My father-in-law was a Seabee who served for three years in the Pacific Theater in World War II. As a carpenter before the war, George enlisted in a Naval Construction Battalion and rose to the rank of Warrant Officer. The motto of the Seabees is “We Build, We Fight,” and George did both. His unit was attached to Marines as they island-hopped across the Pacific toward Japan, and in most cases, they landed with the second wave—often in the face of enemy fire. Then George and his fellow Seabees built airfields, barracks, supply depots, or anything else that was needed to support the troops at the front.
A modest man, George never talked about anything he may have done in combat, particularly during the actual landings. The most he would say is that “things got pretty hairy at times on the beach.” But he would talk at length about the courage of the Marines, their steadiness under fire, and their absolute dedication to duty. At the same time, he acknowledged the doomed bravery of the Japanese soldiers they faced, and often expressed wonder at their willingness to die in a lost cause.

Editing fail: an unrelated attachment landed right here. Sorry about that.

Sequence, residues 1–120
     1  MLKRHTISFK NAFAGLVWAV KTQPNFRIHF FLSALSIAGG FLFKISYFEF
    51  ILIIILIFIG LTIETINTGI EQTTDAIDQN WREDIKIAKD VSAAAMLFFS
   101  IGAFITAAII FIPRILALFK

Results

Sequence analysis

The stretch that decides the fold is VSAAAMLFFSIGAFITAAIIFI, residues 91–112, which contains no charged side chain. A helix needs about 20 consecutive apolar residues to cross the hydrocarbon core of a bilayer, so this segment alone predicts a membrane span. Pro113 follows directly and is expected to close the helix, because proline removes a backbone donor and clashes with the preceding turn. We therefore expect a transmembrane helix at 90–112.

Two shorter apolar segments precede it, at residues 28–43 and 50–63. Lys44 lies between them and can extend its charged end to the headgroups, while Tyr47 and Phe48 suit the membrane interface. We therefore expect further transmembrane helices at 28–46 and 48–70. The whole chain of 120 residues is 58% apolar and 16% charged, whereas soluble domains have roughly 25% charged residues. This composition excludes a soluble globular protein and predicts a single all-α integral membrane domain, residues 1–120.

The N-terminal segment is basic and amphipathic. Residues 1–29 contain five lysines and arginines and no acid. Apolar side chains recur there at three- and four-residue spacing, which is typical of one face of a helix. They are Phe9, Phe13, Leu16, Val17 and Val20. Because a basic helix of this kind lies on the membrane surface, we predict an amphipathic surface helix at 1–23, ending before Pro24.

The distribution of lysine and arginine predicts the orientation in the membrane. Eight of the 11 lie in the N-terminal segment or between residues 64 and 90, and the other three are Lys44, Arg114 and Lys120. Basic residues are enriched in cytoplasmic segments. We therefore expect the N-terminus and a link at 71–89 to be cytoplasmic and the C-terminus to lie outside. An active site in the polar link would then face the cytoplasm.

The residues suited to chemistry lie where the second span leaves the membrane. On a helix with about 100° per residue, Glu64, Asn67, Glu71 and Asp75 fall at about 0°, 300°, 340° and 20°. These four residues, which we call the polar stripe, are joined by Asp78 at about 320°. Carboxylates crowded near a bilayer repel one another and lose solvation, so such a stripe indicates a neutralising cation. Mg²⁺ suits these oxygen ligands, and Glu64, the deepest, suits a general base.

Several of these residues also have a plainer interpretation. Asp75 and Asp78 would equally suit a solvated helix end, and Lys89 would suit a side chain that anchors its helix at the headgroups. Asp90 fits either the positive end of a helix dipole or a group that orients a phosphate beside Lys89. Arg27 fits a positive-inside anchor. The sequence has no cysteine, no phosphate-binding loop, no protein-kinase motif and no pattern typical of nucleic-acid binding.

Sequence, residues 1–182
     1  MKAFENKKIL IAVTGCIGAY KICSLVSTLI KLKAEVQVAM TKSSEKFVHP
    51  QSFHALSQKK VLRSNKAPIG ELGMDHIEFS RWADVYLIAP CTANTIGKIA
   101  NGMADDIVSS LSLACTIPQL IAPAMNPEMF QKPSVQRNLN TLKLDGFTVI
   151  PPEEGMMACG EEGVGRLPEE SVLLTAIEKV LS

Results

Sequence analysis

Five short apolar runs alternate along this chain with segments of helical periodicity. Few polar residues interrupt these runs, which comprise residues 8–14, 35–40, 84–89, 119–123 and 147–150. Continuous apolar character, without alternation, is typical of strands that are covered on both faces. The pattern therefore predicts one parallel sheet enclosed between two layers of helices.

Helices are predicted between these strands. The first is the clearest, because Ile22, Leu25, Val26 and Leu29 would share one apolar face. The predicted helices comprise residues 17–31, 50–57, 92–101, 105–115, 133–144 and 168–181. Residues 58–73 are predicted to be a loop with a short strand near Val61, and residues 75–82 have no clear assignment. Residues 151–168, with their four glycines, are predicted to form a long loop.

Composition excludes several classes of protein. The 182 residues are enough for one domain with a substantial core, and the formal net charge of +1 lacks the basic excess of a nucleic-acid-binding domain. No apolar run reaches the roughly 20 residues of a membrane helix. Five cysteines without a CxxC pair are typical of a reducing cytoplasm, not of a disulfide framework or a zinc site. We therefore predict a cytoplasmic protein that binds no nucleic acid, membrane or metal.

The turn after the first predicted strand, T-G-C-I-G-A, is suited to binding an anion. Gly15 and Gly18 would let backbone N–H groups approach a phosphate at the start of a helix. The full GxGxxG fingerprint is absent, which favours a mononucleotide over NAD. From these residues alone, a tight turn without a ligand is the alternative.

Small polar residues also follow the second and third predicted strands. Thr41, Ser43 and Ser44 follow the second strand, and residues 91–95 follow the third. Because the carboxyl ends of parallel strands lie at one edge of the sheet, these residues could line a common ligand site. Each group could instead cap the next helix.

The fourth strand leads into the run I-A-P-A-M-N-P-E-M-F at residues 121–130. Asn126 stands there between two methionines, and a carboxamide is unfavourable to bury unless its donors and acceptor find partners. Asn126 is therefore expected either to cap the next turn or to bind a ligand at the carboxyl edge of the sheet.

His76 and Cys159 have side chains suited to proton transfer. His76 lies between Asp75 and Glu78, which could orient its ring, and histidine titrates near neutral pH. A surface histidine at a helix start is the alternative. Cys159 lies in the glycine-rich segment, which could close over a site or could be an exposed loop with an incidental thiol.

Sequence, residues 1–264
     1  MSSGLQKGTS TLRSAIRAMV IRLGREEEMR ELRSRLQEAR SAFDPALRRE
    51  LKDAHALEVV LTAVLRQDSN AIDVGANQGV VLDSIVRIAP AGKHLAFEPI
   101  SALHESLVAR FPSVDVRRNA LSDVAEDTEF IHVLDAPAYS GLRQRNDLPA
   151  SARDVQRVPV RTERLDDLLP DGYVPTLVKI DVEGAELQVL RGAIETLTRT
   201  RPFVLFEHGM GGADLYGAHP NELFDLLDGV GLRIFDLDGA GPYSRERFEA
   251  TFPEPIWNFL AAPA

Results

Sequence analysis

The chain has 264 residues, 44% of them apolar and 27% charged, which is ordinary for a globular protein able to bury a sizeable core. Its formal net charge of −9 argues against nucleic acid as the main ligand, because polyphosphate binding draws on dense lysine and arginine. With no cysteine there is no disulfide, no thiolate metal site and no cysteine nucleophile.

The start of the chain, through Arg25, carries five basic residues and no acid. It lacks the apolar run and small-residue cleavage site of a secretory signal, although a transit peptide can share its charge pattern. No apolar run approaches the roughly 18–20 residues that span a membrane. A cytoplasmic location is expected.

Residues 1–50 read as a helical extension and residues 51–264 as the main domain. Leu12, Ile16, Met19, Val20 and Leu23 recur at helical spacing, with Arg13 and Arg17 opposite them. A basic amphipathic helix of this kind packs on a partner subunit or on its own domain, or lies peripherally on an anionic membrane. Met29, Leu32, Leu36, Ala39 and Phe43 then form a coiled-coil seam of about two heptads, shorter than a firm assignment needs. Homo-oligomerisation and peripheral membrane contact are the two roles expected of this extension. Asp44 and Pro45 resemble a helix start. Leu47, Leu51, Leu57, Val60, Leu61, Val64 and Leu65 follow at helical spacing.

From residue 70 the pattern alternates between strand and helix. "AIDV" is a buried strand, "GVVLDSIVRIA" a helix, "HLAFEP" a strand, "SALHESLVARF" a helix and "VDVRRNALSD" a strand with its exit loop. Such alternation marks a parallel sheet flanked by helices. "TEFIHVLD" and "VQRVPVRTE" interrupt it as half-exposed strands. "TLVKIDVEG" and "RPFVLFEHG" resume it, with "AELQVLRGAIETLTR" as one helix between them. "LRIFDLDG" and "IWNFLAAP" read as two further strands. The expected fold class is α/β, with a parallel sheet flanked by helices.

George would never have called himself a hero and would have been distressed if anyone described him as one. But I think he was a hero, in the same way that all of the two million American men and women in uniform during the Second World War were heroes. They sacrificed years of their lives, and sometimes their actual lives, in service to their country—often at a great personal cost. They did their duty quietly, without fanfare or bravado, in every theater of a truly global conflict. And by working and fighting together, they saved America—and the world—from the nightmare of fascism. Generals and admirals may get the glory, but victory would have been impossible without the quiet daily heroism of common soldiers, sailors and airmen like George. For every Medal of Honor winner, there are a thousand quiet heroes like George, who did their duty every day for years without any expectation of recognition or reward. They are the true heroes in any war.
After the war, George returned to civilian life and built a successful construction business. Everything he did or said in the twenty years I knew him revolved around his deep belief in the power of positive thinking and his absolute conviction that if your motives were good, the eventual outcome would be good. I don’t know whether he learned that in the Pacific, but there is no doubt in my mind that his experience in war forged a foundation upon which he built his unshakeable beliefs.